Although there were no outright winners in Italy’s parliamentary election on March 4, there were two clear losers – the European Union and immigrants.
No one party or coalition won a majority and negotiations to form a new government are likely to last several weeks. But results have shown a dramatic increase in the number of votes for the populist Five Star Movement (Movimento Cinque Stelle) and far-right party the League (La Lega).
Five Star – which one commentator described as a party with a “rightist façade over a leftist basement and anarchic roof” – is poised to be the biggest party with more than 30 percent of the vote. The League, an anti-immigrant party in former Prime Minister Silvio Berlusconi’s coalition, soared to its best result ever with over 18 percent of the vote.
These results will alarm European observers given the anti-EU positions of both these groups. Nationalist French politician Marine Le Pen tweeted as the votes came in that it was a “bad night” for the EU.
One thing is clear: The rise of these populist and far-right parties was supported by dramatic shifts in the information diet of Italian voters.
Cutting out traditional media
A study I co-authored shortly after the Italian election in 2013 showed that even then voters were keen on alternative online information sources. In particular, voters searching the internet for information about the Five Star Movement were more likely to look specifically for the party’s official website and online streaming channel instead of traditional media sites.
These trends, combined with Italians’ low levels of trust in media organizations, have made Italy fertile ground for spreading misinformation and propaganda online.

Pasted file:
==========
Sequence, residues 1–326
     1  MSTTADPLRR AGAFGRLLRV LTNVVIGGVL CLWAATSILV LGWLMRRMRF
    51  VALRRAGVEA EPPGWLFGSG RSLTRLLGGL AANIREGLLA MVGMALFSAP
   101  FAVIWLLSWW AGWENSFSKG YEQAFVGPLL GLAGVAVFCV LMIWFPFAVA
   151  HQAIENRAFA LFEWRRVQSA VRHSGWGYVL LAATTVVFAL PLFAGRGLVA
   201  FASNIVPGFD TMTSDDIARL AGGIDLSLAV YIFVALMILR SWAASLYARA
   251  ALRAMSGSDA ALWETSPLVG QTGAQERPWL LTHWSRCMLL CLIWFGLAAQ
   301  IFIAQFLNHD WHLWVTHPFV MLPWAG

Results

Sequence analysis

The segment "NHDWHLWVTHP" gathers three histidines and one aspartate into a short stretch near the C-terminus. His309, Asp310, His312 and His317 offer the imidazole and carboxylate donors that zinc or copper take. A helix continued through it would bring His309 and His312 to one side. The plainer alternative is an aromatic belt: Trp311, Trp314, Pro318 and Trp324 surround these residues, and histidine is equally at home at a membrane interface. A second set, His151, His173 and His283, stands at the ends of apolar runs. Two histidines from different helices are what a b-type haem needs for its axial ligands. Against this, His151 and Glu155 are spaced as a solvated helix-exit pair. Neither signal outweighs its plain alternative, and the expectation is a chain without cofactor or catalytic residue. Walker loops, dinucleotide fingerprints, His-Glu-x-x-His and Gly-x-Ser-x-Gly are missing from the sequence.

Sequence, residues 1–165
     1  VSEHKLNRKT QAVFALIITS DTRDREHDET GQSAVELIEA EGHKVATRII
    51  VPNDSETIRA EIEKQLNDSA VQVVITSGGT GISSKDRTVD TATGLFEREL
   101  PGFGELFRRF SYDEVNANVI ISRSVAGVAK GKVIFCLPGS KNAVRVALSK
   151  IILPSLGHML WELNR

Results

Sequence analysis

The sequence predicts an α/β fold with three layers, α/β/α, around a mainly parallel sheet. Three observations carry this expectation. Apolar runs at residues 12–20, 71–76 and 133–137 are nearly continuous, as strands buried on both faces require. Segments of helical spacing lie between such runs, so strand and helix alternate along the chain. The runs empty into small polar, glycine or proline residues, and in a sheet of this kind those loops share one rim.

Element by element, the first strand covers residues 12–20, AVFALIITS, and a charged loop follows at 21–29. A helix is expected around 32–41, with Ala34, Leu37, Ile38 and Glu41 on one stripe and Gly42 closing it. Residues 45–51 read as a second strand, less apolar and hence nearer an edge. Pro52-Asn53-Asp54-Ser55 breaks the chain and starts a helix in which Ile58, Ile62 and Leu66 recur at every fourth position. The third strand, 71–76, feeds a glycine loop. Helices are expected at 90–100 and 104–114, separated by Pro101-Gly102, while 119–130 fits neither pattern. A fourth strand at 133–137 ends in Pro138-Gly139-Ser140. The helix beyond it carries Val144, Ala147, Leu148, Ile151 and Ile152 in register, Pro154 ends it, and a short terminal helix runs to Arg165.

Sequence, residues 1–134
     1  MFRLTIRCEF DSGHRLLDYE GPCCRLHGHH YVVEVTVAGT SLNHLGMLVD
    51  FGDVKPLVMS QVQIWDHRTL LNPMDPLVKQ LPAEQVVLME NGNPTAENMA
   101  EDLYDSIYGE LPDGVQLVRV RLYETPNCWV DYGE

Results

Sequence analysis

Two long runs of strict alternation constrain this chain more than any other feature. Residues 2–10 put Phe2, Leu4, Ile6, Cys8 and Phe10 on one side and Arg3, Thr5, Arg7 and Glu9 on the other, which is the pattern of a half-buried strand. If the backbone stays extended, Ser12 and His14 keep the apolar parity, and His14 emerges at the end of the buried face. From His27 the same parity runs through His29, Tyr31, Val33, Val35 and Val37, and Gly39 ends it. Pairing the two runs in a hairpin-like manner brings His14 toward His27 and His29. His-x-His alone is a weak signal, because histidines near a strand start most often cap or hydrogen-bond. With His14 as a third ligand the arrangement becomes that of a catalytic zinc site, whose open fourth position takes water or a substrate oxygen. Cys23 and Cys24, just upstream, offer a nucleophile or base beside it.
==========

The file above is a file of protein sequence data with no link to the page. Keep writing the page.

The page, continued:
In the last five years, online alternative media platforms and their audience have grown exponentially in Italy. At the end of 2017, BuzzFeed exposed several popular Italian websites and Facebook pages that posed as news organizations but trafficked in misinformation with a focus on anti-immigration content. These outlets had several million social media followers. That is substantially more than Italian newspapers and political leaders who typically attract modest numbers of followers. For example, Italian Prime Minister Paolo Gentiloni has only 410,000 Twitter followers. Compare that to U.S. President Donald Trump with more than 48 million.
The appetite for this type of content increased as immigration became the central theme of the 2018 election campaign. In the lead up to the elections, Five Star’s leader Luigi Di Maio described organizations involved in migrant rescue operations as acting as “sea taxis,” implicitly accusing them of ferrying illegal migrants across the Mediterranean to generate more business for themselves. Meanwhile, the League’s leader Matteo Salvini campaigned on an “Italians First” platform reminiscent of Donald Trump’s “America First” mantra. In February, a neo-Nazi and former local candidate for the League went on a racially motivated shooting spree that wounded six African migrants.